By Doni Glover, Publisher
Unapologetically Black: Doni Glover Autobiography
The Doni Glover Show on WOLB 1010 AM (Thurs. 11a-12p)
(HARLEM – December 24, 2019) – Regular readers of this column know that I am a huge fan of Black business. I think it is the backbone of Black America, just as small business is the backbone of any other community, city, or country. Recently, my eyes feasted on one of the most beautiful things I’ve ever seen in my life. And the timing couldn’t be more apropos.
Let’s cut to the chase: This is the 21st century. From its very beginnings, America was built on business. And if a person or community is going to ever evolve in these United States, then – really and truly – they must understand and master the realm of business. Period.
On Friday, December 13, 2019, this journalist served as witness to one of the most beautiful demonstrations of Black self-determination ever. And of all places, it was in Harlem. Granted, I wasn’t even alive during the Negro Silent Protest Parade of 1917 where W. E. B. Du Bois and 10,000 other Black people walked down 5th Avenue. That was huge! And of course, I was still a thought when the summer riots of 1964 unleashed in Harlem and Brooklyn. And so too did I miss the earth-shattering speeches of Malcolm X, the early world-class performances at the Apollo, and the re-discovery of the African Burial Ground. However, two Fridays ago, what I did not miss was something that for me was just as audacious, just as meaningful.
Zevilla Preston Jackson, a New York City architect, may have described this spectacle best: “On Friday, December 13th, 2019, sixty-plus Black business owners and Black business advocates, including New York State Senator Robert Jackson, Brooklyn Borough President Eric Adams, Councilwoman Inez Dickens and Councilman Bill Perkins gathered to discuss the state of Black businesses during an historic Black Business Empowerment Forum.”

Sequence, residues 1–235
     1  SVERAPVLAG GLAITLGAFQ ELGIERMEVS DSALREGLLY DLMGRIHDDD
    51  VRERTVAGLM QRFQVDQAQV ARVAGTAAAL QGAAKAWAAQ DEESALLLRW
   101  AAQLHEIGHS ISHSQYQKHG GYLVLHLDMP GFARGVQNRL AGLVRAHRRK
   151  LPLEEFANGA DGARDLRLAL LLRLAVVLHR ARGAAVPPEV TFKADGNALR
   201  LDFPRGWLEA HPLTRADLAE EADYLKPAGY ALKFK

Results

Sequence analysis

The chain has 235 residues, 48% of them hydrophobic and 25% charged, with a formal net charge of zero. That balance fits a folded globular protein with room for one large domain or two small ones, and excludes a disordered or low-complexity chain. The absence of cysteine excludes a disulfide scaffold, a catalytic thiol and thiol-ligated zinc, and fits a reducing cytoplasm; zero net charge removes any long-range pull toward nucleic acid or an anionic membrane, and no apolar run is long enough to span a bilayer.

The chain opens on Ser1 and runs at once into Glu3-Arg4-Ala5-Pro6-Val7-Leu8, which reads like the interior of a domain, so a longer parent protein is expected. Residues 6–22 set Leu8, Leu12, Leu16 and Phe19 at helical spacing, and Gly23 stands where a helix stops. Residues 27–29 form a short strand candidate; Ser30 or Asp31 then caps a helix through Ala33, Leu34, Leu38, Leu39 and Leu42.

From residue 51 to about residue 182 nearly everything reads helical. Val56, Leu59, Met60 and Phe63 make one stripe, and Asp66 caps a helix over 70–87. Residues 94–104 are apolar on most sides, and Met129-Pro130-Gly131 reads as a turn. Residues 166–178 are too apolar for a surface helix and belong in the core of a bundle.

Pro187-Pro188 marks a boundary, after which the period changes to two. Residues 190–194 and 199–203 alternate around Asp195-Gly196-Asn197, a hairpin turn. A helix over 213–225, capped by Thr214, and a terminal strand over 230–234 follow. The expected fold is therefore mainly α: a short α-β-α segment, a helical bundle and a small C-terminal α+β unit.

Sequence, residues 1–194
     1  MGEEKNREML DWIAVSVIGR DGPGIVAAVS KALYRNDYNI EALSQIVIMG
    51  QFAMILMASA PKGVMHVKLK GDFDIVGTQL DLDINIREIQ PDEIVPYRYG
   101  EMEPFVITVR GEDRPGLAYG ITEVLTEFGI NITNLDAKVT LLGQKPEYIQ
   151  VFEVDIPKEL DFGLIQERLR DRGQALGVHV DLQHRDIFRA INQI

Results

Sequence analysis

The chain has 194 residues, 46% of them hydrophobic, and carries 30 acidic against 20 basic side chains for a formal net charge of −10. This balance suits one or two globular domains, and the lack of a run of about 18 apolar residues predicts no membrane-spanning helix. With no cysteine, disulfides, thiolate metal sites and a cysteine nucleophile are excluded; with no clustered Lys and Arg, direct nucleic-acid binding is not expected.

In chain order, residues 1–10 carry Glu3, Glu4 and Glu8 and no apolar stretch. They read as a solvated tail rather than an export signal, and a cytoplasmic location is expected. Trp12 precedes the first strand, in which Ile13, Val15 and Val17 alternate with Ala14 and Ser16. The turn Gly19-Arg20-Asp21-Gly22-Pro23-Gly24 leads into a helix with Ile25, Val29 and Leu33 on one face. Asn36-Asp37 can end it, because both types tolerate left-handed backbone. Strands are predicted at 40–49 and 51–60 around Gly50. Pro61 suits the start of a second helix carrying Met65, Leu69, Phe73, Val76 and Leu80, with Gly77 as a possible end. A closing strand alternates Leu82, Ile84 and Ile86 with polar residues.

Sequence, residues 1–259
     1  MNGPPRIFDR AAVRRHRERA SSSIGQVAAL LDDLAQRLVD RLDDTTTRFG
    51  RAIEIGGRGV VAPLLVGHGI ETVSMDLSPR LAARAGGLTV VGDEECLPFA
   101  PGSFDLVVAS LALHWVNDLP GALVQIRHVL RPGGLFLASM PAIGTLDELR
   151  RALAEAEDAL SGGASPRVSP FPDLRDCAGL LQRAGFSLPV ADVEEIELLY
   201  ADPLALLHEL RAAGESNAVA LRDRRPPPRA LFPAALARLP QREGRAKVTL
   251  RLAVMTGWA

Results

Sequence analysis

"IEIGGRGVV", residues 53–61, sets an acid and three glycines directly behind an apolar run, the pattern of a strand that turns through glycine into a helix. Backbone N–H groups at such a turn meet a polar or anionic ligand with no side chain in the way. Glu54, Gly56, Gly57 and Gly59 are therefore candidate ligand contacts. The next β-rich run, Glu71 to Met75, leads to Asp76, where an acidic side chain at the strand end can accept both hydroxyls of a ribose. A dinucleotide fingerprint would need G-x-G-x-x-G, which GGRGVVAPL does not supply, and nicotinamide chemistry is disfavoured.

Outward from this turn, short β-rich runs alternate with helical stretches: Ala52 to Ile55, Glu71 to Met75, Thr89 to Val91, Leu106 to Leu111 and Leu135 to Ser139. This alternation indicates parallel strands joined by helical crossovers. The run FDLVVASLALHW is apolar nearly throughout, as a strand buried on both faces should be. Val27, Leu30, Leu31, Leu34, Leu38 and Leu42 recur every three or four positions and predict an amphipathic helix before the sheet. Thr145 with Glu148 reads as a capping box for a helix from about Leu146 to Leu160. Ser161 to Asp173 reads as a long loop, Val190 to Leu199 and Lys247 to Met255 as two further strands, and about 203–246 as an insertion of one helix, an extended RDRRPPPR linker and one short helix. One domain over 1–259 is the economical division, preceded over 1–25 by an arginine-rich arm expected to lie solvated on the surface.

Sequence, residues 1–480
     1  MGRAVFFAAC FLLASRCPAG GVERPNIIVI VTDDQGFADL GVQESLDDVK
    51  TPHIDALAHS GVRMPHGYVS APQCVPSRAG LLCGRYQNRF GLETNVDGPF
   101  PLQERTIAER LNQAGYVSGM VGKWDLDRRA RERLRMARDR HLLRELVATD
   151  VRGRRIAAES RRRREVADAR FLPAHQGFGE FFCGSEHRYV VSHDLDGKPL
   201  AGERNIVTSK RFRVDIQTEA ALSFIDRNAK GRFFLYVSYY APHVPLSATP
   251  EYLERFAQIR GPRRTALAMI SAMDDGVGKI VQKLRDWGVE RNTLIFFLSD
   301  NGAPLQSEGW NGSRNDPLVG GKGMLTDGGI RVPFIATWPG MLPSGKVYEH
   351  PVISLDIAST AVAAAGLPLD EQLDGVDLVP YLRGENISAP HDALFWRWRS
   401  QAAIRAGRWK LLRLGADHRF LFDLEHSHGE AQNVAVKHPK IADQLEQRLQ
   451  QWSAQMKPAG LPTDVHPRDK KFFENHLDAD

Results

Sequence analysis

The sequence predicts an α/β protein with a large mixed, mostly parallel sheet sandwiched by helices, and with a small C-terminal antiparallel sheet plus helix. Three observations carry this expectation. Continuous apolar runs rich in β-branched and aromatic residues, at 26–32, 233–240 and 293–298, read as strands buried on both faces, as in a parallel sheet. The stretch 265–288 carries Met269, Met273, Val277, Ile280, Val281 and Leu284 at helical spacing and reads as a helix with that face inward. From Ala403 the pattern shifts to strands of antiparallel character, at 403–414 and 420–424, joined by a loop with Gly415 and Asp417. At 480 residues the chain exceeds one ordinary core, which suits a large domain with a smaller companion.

The principal of JP Design continued, “Based on New York City Comptroller Scott Stringer’s ‘2018 Making the Grade Report’, NYC received an ‘F’ grade for contracting with Black businesses. This ‘F’ grade along with a BUZZFEED report that said NYC’s Black businesses decreased by 30% between 2007 and 2015 must not go unanswered by the Black community. The stakes are too high! WEG seeks to build a coalition of Black entrepreneurs, politicians, churches and civic organizations to put forth an action plan to remedy the dearth of economic opportunities available to Black businesses in NYC. Friday, December 13th marks the beginning, not a one-off, for this vitally important advocacy campaign.”
Few would argue the fact that Harlem is the center of African-American history and culture not only in New York City but in the entire United States. Needless to say, Harlem has historically helped set the tone for Black America. It is by nature, if you will, a trendsetter.
WEG, a group of concerned Black businessmen and businesswoman, aims to make Black business development a priority for any and all Black elected officials seeking to help lead New York City. And I think they are on to something!
I think that given the long and tenured history of Black business and development in places like Seneca Village in Manhattan (1825) and Weeksville in Brooklyn (1838), there is no better place to light the first spark on the re-invigoration of Black business.
Face it: Blacks have an annual disposable income of more than $1.2 trillion dollars. As an entrepreneur myself for the past 17 years, I can tell you that this is incredibly inspiring as much of my business comes solely from Black folks. That being said, only a very small portion of this trillion-plus dollars is spent with Black businesses. This, my friends, is a tragedy.
And that is why this Black Business Empowerment Forum is so on-point.